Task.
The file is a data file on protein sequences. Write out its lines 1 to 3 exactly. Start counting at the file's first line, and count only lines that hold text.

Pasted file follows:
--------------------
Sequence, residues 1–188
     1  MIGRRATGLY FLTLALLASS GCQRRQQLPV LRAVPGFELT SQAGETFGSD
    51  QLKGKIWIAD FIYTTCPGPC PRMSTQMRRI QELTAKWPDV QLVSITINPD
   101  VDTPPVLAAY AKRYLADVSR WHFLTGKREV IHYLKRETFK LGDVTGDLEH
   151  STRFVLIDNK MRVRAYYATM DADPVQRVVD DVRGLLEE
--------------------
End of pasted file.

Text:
Sequence, residues 1–188
     1  MIGRRATGLY FLTLALLASS GCQRRQQLPV LRAVPGFELT SQAGETFGSD
    51  QLKGKIWIAD FIYTTCPGPC PRMSTQMRRI QELTAKWPDV QLVSITINPD